Lack of Environment

A blog on the politics and psychology underlying the denial of all our environmental problems

The nonsense of “Sustainable Growth”*

with 27 comments

“Sustainable Growth” is a term invented by World Leaders last year at the Rio+20 Summit in Brazil.  On a finite planet with finite resources, it is a physical impossibility; it is an oxymoron; to talk about it is as delusional as pretending you will live for ever.  I’m sorry, but, as with climate change, denying the nature of reality changes nothing.

As an experienced geologist and hydrogeologist, I am a Fellow of the Geological Society of London (GSL) and a Member of the Chartered Institution of Water and Environmental Management (CIWEM).  As such, the GSL has previously published a 500-word “soapbox” item written by me, entitled ‘Know Your Limits!’, in their Geoscientist magazine.

However, I believe this has now been surpassed by an article written by CIWEM’s Executive Director, Nick Reeves, just published in CIWEM’s monthly WEM magazine.  Having obtained the permission of both author and publisher, I am delighted to reproduce the article, entitled ‘The Growth Delusion and Handlebar Tape’in full below.

Other than to say that Nick Reeves has an admirable track-record for speaking his mind and saying things very few people in positions like his are willing to say – such as his support for Latin American style environmentalism in ‘The Human Rights of Mother Earth’ (July 2011) – I do not really want to comment further at this point.  However, the conflict between notions of sustainable development and resource depletion will be picked-up in another longer-than-normal post later this week.  Therefore, without further ado, here is the 1800-word article by Nick Reeves:



The world is running on empty says CIWEM executive director Nick Reeves

How do you successfully break a mistaken and destructive intellectual and economic consensus? How do you persuade world leaders that 21st century problems cannot be fixed with 20th century economics?

The UK is no longer a front-line developed nation and has fallen behind Brazil in the league table of economic powers.  It will take a lot more than handlebar tape to get a grip on things.  We need to think in different terms and get a proper fix on our place in a world that is running on empty.

The economic crisis of 2007 was a car crash in slow-motion.  The driver wasn’t fit.  And it was frustrating because nobody warned us and the banks danced to the speculative tune.  Now economists can calculate a much more dangerous event that is being greeted with even less concern: our world is rapidly running out of resources – of water, energy, metals, phosphorous and food.  The data is not in dispute.  The market is reflecting what our leaders ignore.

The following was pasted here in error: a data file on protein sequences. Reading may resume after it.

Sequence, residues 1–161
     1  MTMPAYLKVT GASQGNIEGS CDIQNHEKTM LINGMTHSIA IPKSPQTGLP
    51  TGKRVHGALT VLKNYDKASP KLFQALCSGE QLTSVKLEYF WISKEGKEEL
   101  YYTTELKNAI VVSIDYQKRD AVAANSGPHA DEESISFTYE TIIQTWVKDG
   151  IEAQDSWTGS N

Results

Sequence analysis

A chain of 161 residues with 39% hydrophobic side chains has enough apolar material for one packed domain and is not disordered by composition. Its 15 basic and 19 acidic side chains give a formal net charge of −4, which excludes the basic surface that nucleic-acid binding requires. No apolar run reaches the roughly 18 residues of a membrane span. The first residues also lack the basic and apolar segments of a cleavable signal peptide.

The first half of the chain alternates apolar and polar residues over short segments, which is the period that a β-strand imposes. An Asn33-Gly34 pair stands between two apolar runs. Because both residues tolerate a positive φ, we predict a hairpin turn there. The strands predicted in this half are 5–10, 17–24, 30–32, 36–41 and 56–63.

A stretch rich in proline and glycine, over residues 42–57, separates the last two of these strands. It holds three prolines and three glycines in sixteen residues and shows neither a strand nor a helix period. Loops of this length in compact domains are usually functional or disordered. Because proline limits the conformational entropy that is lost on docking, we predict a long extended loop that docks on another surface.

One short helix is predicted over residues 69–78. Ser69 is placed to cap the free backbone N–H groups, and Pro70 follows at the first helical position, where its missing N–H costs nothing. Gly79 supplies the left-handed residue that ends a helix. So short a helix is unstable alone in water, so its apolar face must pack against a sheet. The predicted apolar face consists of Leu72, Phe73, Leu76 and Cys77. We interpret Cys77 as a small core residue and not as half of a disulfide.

The Industrial Revolution allowed us to make technological progress in delivering resources, outweighing the increasing marginal effort to dig ever deeper and chase lower-quality ores, for instance.  The average price of 33 commodities (equally weighted) declined by 70 per cent (after inflation) between 1900 and 2002.  Then, abruptly and without any particular crisis, prices reversed and in ten years the average commodity tripled to give back the advantage of the previous 100 years.  It is perhaps the most important ‘phase’ change of modern times, yet it attracted, remarkably, little attention or concern.

The causes are not hidden: there has been an explosion in population and consumption since 1800 and the birth of the ‘Hydrocarbon Age’.  Global population has increased from one billion to seven billion, tripling even in my lifetime.  At the same time, consumption of hydrocarbons and some metals increased one hundredfold.  Initially, with few people and extensive high-grade resources, this did not show in prices, but more recently, with population growing still faster than ever in absolute terms, we have had to absorb an unprecedented surge in demand per capita from India, with its 1.2 billion people (growing at over seven per cent a year) and China, with almost 1.3 billion (growing for over 20 years at ten per cent a year), a rate that will double consumption every seven years.  China last year accounted for a jaw-dropping 53 per cent of the world’s cement use, 48 per cent of its iron ore and 47 per cent of all the coal used.  How could reserves not wither away under this attack and prices not rise? We have every reason to be fearful.